Setting up a preferred customer or loyalty program for existing customers can also help fortify brand loyalty and position your company to grow faster when the recession eases. After all, it’s always easier to sell to an existing customer!
Again, it’s important to keep in mind that recessions are temporary. Even better: They’re usually followed by a period of robust economic growth.
The longest recession in U.S. history, the Long Depression, lasted about five years, from 1873-1878, and was followed by a massive economic boom later dubbed the The Gilded Age. And the Great Recession of 2007-2009 was followed by a relatively solid but slow period of prolonged economic growth — until COVID-19 caused a sharp, but also short-lived, economic contraction in March 2020.
Companies that maintain an efficient marketing presence throughout a recession, and effectively plan to seize opportunities once the downturn subsides, can improve their market share and enhance long-term brand health. It’s also worth keeping in mind that some of the world’s most successful companies were founded during a recession, including Microsoft, Slack, and WhatsApp.
As you develop your recession marketing strategy, keep this checklist of do’s and don’ts handy. These recommendations, some of which were touched on above, can help you, your team, and your organization to power through the economic downturn that is likely to unfold sometime soon:
Fending off budget cuts and limiting a recession’s impact on marketing hinges on your ability to highlight your team’s full contribution to the company’s revenue generation. With Invoca’s call tracking and conversation intelligence software, your marketing team can gain crucial credit for conversions that occur as a result of phone calls. You get the full picture of attribution.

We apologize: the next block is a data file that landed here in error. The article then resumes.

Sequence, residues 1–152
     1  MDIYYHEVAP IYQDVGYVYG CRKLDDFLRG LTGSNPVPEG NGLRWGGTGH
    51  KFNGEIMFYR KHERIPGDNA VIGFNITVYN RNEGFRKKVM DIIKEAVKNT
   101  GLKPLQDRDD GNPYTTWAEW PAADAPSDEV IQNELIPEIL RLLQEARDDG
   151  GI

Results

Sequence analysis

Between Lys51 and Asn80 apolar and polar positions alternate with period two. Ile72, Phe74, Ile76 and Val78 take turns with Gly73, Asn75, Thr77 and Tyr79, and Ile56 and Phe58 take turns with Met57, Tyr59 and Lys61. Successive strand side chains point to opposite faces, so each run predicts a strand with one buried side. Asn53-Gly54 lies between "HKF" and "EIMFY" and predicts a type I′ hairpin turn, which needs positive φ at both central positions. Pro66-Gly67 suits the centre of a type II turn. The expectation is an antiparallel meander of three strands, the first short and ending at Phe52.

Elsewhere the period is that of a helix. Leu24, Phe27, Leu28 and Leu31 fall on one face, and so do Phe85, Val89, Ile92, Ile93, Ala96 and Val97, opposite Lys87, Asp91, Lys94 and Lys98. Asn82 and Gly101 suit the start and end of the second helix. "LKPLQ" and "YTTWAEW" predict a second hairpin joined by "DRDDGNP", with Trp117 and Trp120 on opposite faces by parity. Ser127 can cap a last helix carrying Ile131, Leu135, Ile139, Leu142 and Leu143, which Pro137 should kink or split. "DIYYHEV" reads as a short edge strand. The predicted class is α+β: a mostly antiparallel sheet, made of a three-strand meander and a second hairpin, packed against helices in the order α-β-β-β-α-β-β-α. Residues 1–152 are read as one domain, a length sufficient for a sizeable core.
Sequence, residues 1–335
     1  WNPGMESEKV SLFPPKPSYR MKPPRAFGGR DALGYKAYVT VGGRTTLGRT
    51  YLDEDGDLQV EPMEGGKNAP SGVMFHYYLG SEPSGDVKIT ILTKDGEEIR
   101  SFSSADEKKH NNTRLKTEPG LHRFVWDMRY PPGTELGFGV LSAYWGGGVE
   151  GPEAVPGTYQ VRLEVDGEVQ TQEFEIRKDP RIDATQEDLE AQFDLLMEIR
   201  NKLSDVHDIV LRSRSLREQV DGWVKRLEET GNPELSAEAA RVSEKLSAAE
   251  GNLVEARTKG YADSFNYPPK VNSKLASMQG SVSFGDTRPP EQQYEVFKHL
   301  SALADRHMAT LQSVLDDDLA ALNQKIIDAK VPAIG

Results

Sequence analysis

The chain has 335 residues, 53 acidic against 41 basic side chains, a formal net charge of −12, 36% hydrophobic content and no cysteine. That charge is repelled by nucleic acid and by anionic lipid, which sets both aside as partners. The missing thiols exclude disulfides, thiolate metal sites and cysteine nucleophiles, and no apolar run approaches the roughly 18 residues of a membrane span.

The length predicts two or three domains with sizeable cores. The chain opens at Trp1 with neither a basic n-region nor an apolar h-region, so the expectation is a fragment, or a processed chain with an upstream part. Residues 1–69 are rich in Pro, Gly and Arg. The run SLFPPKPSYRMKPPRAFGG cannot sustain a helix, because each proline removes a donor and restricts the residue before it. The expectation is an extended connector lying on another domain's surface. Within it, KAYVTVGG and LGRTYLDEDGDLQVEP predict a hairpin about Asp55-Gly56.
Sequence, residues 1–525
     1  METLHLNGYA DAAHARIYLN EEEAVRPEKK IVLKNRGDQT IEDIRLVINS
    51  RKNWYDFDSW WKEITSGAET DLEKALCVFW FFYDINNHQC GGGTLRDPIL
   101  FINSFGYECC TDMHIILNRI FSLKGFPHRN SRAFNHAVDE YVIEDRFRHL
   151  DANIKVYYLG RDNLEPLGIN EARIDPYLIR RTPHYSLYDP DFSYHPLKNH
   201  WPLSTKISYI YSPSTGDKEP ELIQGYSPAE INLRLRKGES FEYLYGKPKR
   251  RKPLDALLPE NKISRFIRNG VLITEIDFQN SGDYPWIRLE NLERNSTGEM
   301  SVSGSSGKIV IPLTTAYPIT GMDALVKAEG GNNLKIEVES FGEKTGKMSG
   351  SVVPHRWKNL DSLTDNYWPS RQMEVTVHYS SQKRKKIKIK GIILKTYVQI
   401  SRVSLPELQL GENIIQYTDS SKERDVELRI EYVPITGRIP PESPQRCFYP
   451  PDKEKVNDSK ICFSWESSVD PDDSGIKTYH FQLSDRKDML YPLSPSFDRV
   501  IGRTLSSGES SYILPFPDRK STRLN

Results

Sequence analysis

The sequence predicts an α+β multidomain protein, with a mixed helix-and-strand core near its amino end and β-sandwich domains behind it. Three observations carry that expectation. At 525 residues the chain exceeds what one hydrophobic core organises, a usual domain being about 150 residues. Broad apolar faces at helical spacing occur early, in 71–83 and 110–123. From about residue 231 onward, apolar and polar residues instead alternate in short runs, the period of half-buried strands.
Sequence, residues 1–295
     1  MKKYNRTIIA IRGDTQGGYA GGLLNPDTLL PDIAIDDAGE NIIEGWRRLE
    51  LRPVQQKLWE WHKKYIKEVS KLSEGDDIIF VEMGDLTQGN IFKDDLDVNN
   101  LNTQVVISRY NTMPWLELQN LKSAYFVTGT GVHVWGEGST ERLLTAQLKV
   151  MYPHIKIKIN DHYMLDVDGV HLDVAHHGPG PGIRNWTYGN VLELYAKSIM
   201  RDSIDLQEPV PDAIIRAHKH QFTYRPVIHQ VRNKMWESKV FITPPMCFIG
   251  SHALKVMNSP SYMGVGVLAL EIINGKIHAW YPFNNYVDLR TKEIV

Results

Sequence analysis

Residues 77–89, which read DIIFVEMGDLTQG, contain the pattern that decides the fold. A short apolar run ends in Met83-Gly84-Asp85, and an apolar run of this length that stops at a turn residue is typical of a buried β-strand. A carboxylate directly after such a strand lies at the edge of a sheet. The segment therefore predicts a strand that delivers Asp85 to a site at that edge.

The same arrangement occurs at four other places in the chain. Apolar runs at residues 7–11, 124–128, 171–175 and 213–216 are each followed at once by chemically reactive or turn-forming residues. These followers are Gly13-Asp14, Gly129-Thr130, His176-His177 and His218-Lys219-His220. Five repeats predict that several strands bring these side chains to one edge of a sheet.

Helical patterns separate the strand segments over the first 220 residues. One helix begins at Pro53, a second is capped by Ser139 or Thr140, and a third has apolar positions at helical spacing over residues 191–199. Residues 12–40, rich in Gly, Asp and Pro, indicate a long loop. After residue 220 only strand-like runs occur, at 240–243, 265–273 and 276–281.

You can also use insight from Invoca to optimize your marketing strategies, reduce your customer cost per acquisition, and increase your return on ad spend (ROAS). Data from call tracking can also help you select more cost-effective keywords for paid search campaigns and display ads. The more information and insight you can glean from actual customers, the better positioned you will be to develop campaigns that will perform.
Request a personalized demo to learn more about how Invoca can help you spend smarter and achieve your marketing goals during a recession — and in any economy.
Want to learn more about how leading brands defend their marketing spend with Invoca? Check out these resources:
Download our Ultimate Guide to Reducing Wasted Marketing Spend to learn how you can lower your CPA while improving marketing campaign performance.